Updated: Feb 8, 2022
Autumn is a season of change. It is the time of year when the world is covered in a cobbler crust of cinnamon and nutmeg and the leaves that were once bright green and full of life, fade and slowly paint the ground. The air that was warm is now cooler. The days that were long are now shorter. Life brings changes that, for some, carry an adrenaline rush and an excitement about all the possibilities on the horizon. For others though, the very word change can incite a full blown panic attack. Why? Because change can mean discomfort. Change can mean loss. Change can mean extra work. Change can mean silence. Change can mean pain. Change can mean a lot of things we do not find appealing at all. But change can also mean beauty. It can also mean relief. Change, like two sides of a quarter, is still valuable and when we look at it with a grateful spirit instead of one still clinging to yesterday, we can be a more joyful people.
Thankfulness, like many other things, is a conscious choice we choose to make. Sure, we may not feel like being thankful, just like we may not feel like loving this person or forgiving that person. But feelings are not the deciding factor of our choices and no matter what circumstance you may find yourself in today, you have a choice to be thankful or ungrateful. If you have a tendency to fear the unknown or to be melancholy like I do, God will no doubt use change as a means of developing a heart of thankfulness because, let's face it, by nature we are not thankful people. We huff in frustration when our drive-through order takes too long, we tap our foot impatiently when someone doesn't respond to our text immediately, we always want more and - whether we admit it or not - we think we deserve more than what we have. When my mom was undergoing chemo treatments for breast cancer, thankfulness was not in my heart. When I faced my first Christmas as a single mom, I wouldn't say thankfulness was the defining theme. When we have to live in a world that has no Instagram filter, our hearts can easily take on a shade of ungratefulness and we miss so much because of it. As inherently ungrateful people who like the thermostat of our life at a comfortable 70*, we simply do not naturally default to thankfulness. But regardless of our past, our present or what our future may look like, we can always choose to be thankful because we serve a God who redeems our past, comforts our present and gives hope for all our tomorrows.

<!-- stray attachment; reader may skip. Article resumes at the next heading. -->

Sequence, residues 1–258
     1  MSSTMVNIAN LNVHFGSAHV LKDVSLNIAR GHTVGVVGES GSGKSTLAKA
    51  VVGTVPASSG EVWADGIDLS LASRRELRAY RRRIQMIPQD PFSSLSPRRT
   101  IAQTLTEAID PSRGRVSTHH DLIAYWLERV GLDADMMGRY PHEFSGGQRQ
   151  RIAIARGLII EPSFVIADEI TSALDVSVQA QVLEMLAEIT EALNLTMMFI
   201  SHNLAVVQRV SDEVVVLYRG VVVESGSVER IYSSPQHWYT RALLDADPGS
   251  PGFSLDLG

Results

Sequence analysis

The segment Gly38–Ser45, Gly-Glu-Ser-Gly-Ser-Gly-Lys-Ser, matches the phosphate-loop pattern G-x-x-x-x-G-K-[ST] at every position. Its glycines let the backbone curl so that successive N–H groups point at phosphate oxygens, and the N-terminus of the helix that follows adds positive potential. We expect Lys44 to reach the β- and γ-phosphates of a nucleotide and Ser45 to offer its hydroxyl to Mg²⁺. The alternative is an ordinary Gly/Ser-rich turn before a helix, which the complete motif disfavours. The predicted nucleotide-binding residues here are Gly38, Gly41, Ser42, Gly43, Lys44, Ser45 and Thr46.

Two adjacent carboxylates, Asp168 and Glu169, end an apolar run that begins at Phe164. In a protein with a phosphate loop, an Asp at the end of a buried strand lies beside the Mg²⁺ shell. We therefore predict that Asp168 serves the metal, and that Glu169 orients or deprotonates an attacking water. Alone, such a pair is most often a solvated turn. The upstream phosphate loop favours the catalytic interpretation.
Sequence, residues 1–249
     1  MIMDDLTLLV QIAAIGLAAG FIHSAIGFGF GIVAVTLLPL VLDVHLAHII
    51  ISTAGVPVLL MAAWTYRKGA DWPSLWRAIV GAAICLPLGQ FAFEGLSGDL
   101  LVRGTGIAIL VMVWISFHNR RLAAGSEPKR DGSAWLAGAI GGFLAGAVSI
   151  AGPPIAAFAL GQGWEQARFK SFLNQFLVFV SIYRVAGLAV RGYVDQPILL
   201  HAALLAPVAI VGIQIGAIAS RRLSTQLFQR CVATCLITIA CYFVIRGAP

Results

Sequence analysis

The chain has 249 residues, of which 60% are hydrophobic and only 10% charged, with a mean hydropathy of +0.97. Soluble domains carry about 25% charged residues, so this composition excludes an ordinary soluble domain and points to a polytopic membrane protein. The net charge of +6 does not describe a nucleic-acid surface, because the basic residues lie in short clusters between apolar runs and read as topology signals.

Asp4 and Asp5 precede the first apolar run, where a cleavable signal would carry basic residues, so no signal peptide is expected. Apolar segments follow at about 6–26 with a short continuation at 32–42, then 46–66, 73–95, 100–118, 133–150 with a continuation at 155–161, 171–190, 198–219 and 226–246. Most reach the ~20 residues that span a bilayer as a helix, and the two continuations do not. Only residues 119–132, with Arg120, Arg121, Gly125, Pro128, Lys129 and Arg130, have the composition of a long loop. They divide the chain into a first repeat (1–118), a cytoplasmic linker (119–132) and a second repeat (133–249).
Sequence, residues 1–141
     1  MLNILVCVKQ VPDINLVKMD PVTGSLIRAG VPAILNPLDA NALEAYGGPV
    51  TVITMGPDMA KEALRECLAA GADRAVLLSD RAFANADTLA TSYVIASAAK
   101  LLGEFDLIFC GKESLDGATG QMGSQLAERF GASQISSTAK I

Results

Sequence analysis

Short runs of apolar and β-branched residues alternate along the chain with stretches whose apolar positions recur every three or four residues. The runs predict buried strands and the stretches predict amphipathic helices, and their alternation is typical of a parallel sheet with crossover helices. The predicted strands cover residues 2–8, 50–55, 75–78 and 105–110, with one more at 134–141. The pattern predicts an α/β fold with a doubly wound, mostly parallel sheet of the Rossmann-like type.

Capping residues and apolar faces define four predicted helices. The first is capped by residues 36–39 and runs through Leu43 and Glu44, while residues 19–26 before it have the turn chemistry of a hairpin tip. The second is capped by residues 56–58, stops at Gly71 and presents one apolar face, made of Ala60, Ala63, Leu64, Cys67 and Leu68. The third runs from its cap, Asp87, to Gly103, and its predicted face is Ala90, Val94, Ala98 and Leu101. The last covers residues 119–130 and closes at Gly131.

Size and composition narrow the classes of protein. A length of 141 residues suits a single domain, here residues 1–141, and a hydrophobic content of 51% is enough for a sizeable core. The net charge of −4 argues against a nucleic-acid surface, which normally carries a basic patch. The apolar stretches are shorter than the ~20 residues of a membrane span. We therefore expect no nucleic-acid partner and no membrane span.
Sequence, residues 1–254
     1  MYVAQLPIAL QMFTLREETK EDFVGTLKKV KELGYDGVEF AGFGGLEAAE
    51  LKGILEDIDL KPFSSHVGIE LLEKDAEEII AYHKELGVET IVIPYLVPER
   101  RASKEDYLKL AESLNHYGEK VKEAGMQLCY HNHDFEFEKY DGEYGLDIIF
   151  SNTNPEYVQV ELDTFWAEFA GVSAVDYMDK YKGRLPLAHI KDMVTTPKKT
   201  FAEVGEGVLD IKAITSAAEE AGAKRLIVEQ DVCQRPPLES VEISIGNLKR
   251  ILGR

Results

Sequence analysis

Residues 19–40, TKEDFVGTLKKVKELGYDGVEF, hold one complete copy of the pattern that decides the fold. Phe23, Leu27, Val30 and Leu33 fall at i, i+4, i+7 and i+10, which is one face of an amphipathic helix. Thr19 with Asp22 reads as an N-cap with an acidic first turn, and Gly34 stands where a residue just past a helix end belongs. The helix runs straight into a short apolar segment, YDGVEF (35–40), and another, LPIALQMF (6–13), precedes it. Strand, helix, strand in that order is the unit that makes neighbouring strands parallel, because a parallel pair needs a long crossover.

Are you lonely? Be thankful that He is omnipresent. (Jeremiah 23:23-24)
Are you afraid? Be thankful that He calms storms. (Mark 4:40-41)
Are you doubting? Be thankful that He is faithful. (Lamentations 3:22-23) Are you hungry? Be thankful that He feeds us with the bread of life. (John 6:35)
Are you weary? Be thankful that He replenishes us. (Jeremiah 31:25)
Are you broken? Be thankful for that He draws near. (Psalm 34:18)
Are you angry? Be thankful that He is patient. (Psalm 86:15) Are you unhappy? Be thankful that joy is always found in His presence. (Psalm 16:11) Are you wandering? Be thankful that He always comes after us. (Matthew 18:12-13)
Paul encouraged the church to give God thanks in everything (1 Thessalonians 5:18). Lean into that word everything. Paul, who had felt the lashes of a whip and who had experienced betrayal and sacrifice, exhorted the Christians to be thankful in everything.
You mean in my grief? In my loneliness? In my infertility? In my betrayal? In my loss? In my exhaustion? In my uncertainty?
Yes. In those things and in all the others we keep in silence, give thanks. We can be thankful because even when our world may feel dark and colorless, He is in each shade of red, orange and yellow. We can be thankful even when we fall, because He is in each sound of the crunching leaves. In all our changes, He is there. We can be thankful that He is faithful in every season, not merely the carefree summer days. When things die, when chapters close, when stories end, He is there - ready to color our world with Himself and paint a masterpiece upon our pain.
Choose thankfulness, not just today or on Thanksgiving Day, but let it permeate your life. The fragrance of a thankful spirit - even when the wind is colder than you'd like it - is a far better aroma than the scent of apple and pumpkin spice.
Philippians 4:6 Be careful for nothing; but in every thing by prayer and supplication with thanksgiving let your requests be made known unto God. Psalms 107:1 O give thanks unto the LORD, for he is good: for his mercy endureth for ever. Psalms 7:17 I will praise the LORD according to his righteousness: and will sing praise to the name of the LORD most high.
Hebrews 13:15 By him therefore let us offer the sacrifice of praise to God continually, that is, the fruit of our lips giving thanks to his name.